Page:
Although it is not a panacea for passwords, it is better to use ‘three random words’ than to impose arbitrary complexity requirements.
Nearly five years after its initial publication, #thinkrandom is still one of the most visited pages on the NCSC site. It explains how you can combine three random words to create a password that is ‘random enough to keep bad guys out’ but easy enough to remember.
This blog will:
Explain why the NCSC continues to encourage the ‘three random words’ strategy at work and home.
Respond to the concerns of NCSC customers considering this strategy
We have already discussed how the enforcement of complexity requirements is an ineffective defense against guessing attacks. Because our minds are unable to recall random characters strings, we resort to predictable patterns such as replacing the letter “o” with a zero to satisfy the ‘complexity requirements.
These strategies are well-known by attackers who use them to optimize their attacks. Contrary to what you might think, this enforced complexity requirement results in more predictable passwords. Users are faced with the task of creating yet another password that meets specific requirements. They resort to using variations of what they know and use. This false belief leads them to believe it is strong as it meets password strength meters (and it is accepted by online services).
This is not the way to do it.
It has been a long-standing and poor advice that passwords must be remembered. Keeping them in any form (either in a browser, in a password manager or on a piece paper) is dangerous.
Low adoption of password managers to store and generate passwords continues to be a problem. The NCSC has encouraged individuals and organisations to use password mangers for some time.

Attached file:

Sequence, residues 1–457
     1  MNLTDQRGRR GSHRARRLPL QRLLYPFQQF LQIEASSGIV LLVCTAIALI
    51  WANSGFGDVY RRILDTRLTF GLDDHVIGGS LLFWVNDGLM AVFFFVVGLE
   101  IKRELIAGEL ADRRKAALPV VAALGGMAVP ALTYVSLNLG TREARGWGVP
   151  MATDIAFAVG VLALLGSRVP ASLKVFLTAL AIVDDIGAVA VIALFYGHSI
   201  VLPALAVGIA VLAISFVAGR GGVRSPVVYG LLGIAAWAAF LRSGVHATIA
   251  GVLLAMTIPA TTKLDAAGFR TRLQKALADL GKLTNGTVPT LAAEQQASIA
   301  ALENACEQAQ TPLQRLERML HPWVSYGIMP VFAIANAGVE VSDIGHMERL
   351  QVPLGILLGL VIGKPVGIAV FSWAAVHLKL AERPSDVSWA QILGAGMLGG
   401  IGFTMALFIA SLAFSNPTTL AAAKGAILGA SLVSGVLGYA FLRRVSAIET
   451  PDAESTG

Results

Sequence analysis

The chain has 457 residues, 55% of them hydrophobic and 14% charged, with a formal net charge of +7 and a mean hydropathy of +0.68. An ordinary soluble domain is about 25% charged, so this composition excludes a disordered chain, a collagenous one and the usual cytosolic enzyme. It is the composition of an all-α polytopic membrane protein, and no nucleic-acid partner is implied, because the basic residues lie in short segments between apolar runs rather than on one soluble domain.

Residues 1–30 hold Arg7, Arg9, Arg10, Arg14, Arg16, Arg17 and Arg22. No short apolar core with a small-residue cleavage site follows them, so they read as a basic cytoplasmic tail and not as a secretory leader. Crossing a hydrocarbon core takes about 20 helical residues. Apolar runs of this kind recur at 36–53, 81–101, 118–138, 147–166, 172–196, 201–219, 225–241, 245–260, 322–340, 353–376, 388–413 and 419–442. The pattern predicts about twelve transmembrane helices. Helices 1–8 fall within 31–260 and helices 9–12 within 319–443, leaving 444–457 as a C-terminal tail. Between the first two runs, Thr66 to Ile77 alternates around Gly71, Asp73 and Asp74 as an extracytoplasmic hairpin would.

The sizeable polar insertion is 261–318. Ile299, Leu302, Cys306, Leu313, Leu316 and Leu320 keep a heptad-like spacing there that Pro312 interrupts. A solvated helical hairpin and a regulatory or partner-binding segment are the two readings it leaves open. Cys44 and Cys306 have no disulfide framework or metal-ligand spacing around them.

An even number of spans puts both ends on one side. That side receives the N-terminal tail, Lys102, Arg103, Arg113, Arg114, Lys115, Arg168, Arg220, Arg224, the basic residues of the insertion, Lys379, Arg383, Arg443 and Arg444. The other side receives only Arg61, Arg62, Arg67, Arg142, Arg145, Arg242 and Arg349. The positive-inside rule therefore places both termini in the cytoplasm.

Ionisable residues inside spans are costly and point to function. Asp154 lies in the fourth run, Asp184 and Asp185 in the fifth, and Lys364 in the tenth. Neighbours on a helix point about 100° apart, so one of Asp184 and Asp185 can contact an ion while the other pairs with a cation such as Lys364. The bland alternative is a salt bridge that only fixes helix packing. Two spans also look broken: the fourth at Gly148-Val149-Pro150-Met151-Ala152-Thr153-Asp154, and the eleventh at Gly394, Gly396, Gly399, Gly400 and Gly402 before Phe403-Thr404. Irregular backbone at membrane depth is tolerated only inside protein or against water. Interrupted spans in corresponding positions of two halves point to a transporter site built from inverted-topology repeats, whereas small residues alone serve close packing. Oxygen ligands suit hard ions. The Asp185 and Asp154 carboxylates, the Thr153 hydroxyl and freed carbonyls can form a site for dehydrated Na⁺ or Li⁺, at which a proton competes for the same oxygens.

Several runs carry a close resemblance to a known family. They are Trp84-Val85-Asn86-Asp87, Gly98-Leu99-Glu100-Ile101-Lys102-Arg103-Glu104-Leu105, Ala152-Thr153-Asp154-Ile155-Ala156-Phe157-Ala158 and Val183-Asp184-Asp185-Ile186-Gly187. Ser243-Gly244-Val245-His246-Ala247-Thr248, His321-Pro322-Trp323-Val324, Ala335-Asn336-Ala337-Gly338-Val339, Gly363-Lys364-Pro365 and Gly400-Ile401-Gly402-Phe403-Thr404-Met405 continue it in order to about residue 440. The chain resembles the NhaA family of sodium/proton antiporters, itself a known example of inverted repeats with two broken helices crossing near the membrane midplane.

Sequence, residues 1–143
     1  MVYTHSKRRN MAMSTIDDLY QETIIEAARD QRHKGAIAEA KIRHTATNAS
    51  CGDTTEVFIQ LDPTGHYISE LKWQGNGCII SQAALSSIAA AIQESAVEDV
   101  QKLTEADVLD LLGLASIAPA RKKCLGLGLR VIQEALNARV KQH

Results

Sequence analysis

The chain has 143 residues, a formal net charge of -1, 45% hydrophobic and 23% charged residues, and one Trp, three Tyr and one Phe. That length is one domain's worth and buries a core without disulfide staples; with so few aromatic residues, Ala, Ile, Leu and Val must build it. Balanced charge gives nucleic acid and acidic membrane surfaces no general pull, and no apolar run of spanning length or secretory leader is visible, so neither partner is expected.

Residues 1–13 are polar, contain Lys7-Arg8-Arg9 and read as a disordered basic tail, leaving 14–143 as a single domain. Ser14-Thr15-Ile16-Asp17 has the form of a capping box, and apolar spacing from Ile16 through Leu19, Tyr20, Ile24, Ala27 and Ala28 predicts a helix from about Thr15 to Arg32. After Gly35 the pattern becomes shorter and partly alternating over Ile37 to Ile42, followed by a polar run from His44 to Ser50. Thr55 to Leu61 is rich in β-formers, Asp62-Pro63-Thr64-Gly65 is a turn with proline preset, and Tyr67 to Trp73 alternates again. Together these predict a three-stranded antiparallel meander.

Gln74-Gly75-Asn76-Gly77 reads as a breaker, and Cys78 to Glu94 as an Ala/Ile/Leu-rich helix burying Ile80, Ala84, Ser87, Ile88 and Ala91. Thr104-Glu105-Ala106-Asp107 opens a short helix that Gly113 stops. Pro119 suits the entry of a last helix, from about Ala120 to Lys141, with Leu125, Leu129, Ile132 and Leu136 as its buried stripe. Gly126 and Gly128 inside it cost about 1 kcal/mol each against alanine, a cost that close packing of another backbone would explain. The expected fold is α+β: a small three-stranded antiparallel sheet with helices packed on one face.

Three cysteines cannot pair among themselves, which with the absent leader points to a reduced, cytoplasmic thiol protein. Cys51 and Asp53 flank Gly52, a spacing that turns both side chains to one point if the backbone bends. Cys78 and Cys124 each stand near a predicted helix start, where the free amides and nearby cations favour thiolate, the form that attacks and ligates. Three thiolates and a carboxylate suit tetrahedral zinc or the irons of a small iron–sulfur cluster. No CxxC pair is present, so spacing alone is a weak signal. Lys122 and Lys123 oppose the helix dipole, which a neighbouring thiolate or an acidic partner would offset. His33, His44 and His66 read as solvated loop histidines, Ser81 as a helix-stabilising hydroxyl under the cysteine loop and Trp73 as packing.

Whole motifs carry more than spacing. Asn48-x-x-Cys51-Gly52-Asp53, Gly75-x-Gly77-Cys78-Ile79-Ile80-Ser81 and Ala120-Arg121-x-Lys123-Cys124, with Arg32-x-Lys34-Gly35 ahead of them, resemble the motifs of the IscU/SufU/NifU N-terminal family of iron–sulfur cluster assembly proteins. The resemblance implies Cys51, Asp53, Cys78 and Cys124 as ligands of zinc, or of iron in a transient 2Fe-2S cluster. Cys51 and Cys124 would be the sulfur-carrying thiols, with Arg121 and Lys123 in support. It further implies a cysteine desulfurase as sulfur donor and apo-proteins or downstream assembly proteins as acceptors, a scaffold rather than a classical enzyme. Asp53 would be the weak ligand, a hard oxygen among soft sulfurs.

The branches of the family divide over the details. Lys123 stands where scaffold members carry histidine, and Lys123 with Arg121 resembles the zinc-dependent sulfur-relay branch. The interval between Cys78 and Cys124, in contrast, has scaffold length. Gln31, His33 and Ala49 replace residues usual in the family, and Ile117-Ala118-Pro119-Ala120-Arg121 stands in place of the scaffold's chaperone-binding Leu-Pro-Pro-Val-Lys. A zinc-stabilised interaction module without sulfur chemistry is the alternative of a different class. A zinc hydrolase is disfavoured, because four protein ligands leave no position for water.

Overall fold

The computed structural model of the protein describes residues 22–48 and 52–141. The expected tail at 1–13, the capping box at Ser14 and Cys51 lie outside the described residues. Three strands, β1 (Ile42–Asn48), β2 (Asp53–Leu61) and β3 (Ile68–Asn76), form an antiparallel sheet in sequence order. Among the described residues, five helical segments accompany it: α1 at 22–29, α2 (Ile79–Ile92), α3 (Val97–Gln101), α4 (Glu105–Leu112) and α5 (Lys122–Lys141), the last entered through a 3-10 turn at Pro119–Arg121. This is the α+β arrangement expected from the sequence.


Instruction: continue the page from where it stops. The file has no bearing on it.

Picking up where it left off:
It is important to be clear that there are many ways to securely store your passwords. You can use a password manager, a web browser or a piece paper. This makes it easy to remember them.
What are three random words? This is:
Traditional password advice based around “password complexity” failed because it advised us to do things most people simply cannot do (i.e. You should memorize a lot of complex, long passwords.
Users can create unique passwords from three random words. They are strong enough to be used for multiple purposes and easy to remember. This is a great option for people who don’t know about password managers or are hesitant to use them. There are many reasons the NCSC used the three random words strategy.
Multiple words are more secure than single words passwords. It is common and recommended that passwords be long. To achieve this, it is best to encourage the creation of a “passphrase” by combing words. at the end of a password.
2) The Impact
The NCSC had to be able promote a technique across multiple media in a way that was easily understood in all contexts in order to have an impact. “Three random word” contains all of the information needed to be called the title. It can be easily explained even for those not computer experts.
A password that is stereotypically a single word or name in dictionaries, with predictable character substitutions, is the default. We challenge this perception by recommending multiple words and encourage people to consider other password options.
Complexity requirements can be difficult to enforce. This encourages users to re-use passwords. The power of three random words is in their usability. Security that isn’t usable doesn’t work.